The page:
Bolivia Transparency Part 2: Interest Rate Disclosure to Clients & the Public
There are several positive mechanisms in place to facilitate interest rate disclosure to microfinance clients and the general public. Our recent trip to Bolivia was a wonderful opportunity to see firsthand how a range of legal requirements play out in practice.
Local regulation requires all supervised institutions to disclose the nominal annual interest rates on a clearly visible board (pizarra) in each of their branches, so that everyone can clearly see the current interest rates. These boards have to disclose the annual nominal rate according to loan purpose (i.e. commercial, mortgage/housing, consumption and microcredit), as well as the loan term, currency and commissions or other charges, as a minimum requirement. Where interest rates vary according to different factors, such as client risk or collateral, the financial institution is required to disclose the maximum interest rate on this board. Some local MFIs have told us that they are aware of their competitor’s prices as they regularly review the boards of the other market players. We of course made sure to check out as many pizarras as possible during our stay in La Paz and Santa Cruz.
Moreover, all regulated institutions are obliged to continuously provide their clients with updated information on the conditions of the financial services they offer, including the nominal interest rates, the terms that apply, periodicity and method of adjusting variable rates, as well as any additional financial charges. They are also required to provide typical examples illustrating the calculation of the annualized standard interest rate used in Bolivia (TEAC). Interestingly, the regulation also establishes that the financial institution has to express all the terms of the transactions in writing and provide “all records necessary for the customer to verify the actual cost of the operation”.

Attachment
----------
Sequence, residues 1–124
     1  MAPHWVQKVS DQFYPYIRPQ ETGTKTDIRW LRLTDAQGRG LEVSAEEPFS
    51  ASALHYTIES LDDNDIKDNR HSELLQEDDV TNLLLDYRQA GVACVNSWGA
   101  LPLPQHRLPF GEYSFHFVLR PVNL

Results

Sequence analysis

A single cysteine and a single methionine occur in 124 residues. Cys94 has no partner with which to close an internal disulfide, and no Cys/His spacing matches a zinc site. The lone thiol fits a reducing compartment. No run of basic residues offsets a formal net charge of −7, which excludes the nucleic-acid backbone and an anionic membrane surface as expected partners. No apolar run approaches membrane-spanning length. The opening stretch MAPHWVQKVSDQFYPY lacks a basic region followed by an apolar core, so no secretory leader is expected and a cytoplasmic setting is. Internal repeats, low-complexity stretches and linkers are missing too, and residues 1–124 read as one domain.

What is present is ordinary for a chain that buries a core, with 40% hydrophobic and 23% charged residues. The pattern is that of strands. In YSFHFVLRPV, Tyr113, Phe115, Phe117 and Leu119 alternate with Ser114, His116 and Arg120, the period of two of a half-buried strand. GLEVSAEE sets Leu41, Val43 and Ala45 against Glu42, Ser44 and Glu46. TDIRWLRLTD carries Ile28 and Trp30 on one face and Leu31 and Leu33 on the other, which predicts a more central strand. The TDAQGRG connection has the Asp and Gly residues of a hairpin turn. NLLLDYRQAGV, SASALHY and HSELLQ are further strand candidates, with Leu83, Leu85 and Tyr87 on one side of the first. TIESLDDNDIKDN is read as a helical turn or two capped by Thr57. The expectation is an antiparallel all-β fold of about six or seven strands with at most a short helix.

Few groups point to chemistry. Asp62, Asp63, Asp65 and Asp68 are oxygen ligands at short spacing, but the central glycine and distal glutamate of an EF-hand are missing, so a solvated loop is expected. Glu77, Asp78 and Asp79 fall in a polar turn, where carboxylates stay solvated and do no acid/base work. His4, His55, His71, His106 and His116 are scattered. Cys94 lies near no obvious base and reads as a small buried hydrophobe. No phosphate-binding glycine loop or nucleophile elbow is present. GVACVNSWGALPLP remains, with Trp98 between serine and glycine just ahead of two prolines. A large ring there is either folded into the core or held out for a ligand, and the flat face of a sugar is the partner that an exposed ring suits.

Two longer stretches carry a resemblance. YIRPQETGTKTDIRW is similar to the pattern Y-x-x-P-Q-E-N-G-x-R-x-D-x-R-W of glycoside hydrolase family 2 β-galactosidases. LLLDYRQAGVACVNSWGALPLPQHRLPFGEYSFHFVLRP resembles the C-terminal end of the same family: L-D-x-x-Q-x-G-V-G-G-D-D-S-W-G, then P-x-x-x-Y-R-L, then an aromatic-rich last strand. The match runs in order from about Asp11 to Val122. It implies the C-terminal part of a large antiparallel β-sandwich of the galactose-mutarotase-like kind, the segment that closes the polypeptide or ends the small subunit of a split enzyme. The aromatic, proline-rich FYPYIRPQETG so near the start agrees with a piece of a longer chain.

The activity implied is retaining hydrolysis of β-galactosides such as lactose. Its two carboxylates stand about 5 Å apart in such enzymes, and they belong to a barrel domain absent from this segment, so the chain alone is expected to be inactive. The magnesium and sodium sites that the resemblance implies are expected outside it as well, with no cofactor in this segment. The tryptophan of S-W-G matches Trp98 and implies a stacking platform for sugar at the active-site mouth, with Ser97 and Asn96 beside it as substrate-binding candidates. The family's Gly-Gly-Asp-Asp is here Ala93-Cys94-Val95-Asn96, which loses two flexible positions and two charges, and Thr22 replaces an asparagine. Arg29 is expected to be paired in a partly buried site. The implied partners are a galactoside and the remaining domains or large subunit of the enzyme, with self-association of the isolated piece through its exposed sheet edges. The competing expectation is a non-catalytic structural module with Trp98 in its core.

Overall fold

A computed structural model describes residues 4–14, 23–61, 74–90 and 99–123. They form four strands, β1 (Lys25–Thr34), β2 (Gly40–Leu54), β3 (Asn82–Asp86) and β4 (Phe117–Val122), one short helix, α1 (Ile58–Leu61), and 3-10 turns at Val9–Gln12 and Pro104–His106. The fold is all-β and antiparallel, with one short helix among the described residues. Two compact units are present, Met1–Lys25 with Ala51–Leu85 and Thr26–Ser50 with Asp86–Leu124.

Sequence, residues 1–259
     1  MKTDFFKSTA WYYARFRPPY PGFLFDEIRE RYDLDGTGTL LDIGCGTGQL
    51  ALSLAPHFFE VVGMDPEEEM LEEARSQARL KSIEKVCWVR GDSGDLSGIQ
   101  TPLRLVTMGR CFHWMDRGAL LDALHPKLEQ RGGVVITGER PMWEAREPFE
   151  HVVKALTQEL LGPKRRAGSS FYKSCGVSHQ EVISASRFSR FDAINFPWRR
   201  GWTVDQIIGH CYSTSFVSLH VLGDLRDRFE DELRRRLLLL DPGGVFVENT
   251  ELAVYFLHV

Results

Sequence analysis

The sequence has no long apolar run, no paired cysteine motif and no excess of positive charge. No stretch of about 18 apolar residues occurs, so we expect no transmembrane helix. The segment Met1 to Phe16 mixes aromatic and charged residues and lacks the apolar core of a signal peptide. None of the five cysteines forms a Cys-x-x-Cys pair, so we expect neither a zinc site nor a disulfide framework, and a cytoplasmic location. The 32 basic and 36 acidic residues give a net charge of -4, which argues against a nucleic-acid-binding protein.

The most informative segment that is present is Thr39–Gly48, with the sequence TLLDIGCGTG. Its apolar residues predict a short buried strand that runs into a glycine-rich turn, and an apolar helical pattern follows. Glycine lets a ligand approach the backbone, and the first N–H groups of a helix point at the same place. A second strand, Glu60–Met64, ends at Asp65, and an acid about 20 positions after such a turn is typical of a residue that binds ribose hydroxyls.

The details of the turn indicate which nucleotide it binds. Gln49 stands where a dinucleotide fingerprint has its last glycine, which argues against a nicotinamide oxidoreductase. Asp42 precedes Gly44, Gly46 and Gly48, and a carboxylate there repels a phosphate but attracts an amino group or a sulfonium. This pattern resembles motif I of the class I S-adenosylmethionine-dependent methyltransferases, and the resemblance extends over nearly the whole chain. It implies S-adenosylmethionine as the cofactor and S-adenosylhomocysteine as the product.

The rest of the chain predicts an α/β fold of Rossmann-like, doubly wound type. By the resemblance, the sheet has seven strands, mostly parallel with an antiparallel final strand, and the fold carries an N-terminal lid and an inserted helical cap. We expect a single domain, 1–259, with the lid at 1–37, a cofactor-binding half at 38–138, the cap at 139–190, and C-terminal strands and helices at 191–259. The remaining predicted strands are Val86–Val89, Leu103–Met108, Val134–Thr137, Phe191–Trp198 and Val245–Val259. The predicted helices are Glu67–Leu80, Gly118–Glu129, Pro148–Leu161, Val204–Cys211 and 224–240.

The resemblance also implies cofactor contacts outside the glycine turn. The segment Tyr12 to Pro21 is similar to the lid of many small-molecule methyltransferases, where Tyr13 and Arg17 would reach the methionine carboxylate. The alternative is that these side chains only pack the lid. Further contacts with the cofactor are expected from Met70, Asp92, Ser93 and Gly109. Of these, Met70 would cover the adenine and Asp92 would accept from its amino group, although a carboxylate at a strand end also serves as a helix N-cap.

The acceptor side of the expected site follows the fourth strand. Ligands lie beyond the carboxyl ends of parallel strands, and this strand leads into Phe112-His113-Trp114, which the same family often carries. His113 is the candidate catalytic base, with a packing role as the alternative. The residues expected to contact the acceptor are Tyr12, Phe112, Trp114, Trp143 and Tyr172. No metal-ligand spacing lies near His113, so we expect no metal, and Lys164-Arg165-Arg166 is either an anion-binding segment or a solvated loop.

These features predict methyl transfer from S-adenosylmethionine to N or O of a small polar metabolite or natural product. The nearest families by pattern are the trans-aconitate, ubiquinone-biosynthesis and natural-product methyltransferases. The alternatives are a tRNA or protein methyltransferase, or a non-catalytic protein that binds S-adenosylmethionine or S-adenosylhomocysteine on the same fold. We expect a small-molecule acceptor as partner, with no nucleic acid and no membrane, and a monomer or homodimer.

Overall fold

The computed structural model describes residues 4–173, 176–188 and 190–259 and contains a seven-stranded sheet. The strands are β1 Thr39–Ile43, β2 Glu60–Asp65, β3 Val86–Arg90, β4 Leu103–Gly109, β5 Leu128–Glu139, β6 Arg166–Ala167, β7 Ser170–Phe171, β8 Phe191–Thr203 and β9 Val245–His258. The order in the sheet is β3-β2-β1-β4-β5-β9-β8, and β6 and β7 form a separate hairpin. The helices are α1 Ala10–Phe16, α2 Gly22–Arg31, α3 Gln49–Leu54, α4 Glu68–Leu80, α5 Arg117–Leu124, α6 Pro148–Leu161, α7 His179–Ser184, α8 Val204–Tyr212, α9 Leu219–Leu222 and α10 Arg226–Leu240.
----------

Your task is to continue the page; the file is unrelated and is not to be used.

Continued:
One positive requirement that struck me in particular is the receipt the financial institution has to issue to the borrowers each time they make a payment. This receipt includes the amount repaid, the interest rate charged and any commissions, so with each payment the annual interest rate that applies for the transaction is disclosed to the client. Both NGOs and banks showed us samples of the latest receipts they had given out to their clients. This is something we haven’t seen in any other country so far.
It was also interesting to find that the Central Bank publishes the weighted average of the nominal and effective interest rates for each financial institution weekly, and every Thursday the average interest rate (TEAC) of the week is published in the newspaper for all regulated institutions according to type of product.
Check back soon for some insights into transparency in loan contracts and publicity.